Folks, please consider voting for steveheimoff.com as Best Overall Wine Blog. You can click here, or on the big logo to the right. Thanks.
* * *
I’ve been invited to participate on a panel to be held at the Kapalua Wine & Food Festival early next month. The name of the panel is “The Pritchard Hill Gang Wine Seminar, co-hosted by Michael Jordan, M.S., and moi. We’ve got quite a lineup of winemakers: Phillip Corallo-Titus (Chapellet), Phillipe Melka (Brand), David Long (David Arthur), Austin Peterson (Ovid) and Carlo Mondavi (Continuum).
I’m especially jazzed, because this tasting is the direct outcome of an article I wrote for Wine Enthusiast last Fall on the Cabernets of Pritchard Hill. The article was, I’m told, the first in-depth ever on that region of Napa Valley, which is in the Vaca Mountains, above Lake Hennessey east of the Silverado Trail. I’d been fascinated by it, as a growing region of distinctive terroir, for several years, and wanted to investigate it with the object of writing about it, but just couldn’t find the time. Eventually, through a series of happenstances, Tim Mondavi (Carlo’s dad) reached out to me and offered to set up a blind tasting for me at Continuum.
One of the pleasures of my trip to Pritchard Hill was an invitation from Greg Melanson (Melanson Vineyard) to take me for an aerial ride over the region in his helicopter, which he parks (is that the right word?) just steps from his home on the Hill. Folks, the best way to understand a wine region is from the air, especially a region as undulatingly complicated as Napa Valley. (It was fascinating to see the topological connections between Pritchard Hill and Atlas Peak.) Tim Mondavi hitched a ride with us for that occasion, and what a great tour guide he was, pointing out every little landmark and connecting it to some memory from his childhood. (And I wish that Greg’s wines were included in our panel. I don’t know why they’re not. Other producers on Pritchard Hill include Colgin, Montagna, Gandona and Bryant.)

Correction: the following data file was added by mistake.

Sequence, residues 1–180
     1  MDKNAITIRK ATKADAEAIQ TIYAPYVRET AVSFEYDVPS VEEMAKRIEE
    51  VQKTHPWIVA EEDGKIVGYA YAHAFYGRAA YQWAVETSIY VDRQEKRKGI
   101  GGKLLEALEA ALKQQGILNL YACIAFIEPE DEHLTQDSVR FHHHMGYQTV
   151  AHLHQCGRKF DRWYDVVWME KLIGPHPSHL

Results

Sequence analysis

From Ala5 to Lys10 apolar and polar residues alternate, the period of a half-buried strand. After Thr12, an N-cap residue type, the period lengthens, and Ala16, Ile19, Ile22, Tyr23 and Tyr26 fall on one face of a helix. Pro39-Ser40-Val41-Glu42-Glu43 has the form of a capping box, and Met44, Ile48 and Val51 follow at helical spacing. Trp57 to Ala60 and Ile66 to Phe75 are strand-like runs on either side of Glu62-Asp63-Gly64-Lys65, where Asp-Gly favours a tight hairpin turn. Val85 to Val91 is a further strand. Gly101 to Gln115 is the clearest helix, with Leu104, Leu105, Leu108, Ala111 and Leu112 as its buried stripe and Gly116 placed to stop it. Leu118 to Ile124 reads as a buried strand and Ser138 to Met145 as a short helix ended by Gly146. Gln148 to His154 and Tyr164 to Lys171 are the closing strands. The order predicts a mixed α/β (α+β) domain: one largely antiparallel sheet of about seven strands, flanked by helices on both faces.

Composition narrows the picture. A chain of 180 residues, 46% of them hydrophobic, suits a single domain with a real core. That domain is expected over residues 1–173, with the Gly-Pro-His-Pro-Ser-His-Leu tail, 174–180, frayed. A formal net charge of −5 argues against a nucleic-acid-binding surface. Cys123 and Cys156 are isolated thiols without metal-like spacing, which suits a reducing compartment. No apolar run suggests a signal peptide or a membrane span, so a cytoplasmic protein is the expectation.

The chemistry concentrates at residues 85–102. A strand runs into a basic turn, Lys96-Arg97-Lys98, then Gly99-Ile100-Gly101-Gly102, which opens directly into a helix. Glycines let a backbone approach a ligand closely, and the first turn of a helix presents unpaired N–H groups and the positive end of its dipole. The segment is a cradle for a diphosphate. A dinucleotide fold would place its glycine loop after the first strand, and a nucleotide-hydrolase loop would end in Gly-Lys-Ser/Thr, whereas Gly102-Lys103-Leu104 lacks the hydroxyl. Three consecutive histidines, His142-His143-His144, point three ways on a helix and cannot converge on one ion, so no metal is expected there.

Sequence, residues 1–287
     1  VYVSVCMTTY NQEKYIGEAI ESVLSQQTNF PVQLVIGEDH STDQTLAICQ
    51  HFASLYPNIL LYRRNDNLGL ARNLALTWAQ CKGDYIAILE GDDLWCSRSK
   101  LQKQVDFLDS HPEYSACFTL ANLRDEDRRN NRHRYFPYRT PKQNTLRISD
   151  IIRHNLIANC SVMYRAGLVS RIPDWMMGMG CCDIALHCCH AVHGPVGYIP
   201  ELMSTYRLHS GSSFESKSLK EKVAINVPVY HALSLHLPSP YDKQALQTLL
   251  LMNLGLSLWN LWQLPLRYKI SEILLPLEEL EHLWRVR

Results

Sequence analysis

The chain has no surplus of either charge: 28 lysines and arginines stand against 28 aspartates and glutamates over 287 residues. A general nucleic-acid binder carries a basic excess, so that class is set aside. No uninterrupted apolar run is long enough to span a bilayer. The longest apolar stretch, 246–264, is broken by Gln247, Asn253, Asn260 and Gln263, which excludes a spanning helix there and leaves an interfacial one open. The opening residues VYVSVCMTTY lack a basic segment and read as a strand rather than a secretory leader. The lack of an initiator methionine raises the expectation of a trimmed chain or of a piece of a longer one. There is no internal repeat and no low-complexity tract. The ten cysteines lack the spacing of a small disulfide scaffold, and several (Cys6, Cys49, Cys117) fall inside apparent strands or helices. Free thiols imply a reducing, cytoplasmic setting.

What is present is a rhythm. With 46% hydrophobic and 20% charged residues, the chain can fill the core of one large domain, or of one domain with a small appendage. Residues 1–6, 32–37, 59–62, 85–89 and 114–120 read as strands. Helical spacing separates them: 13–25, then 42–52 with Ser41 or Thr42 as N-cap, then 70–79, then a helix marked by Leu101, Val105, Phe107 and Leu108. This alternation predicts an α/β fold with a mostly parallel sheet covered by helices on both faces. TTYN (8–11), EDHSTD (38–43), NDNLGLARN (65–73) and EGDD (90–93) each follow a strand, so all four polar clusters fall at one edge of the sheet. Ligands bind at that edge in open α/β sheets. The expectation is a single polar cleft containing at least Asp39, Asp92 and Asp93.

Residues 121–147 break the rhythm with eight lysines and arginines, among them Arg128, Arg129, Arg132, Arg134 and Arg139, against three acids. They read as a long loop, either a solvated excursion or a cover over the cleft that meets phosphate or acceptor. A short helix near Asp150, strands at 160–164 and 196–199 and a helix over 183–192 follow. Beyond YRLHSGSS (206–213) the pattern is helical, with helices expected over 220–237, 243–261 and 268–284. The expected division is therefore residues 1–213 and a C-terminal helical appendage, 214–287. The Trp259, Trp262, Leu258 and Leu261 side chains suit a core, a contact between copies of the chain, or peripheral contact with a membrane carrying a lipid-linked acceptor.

At any rate, Michael Jordan read my article and liked it. He told me it had inspired him to set up the Pritchard Hill event at Kapalua (he’d held an earlier one in, I think, Anaheim, which I was unable to attend). Michael is an exciting, interesting guy, not only an M.S. but a true entrepreneur in the restaurant field.
By another coincidence, just this past week I sat down with Carlo Mondavi (on the phone) and had a little chat for an article. I’ve never met him in person, and didn’t realize right away that he’d be representing Continuum at Kapalua (nor did he realize I was on the panel). So we both got a chuckle out of that and vowed to spend some time together on Maui.
I would think Pritchard Hill will be an American Viticultural Area someday, but it won’t be one for quite a while, as there is opposition to it from the Chappellets, who own rights to the name. In the end it doesn’t matter what the appellation is called; the wines speak for themselves.
Please consider voting for steveheimoff.com as Best Overall Wine Blog. You can click here, then hit the red VOTE button and scroll down to the appropriate category. Or you can click on the big Wine Blog Awards icon to the right. Thank you!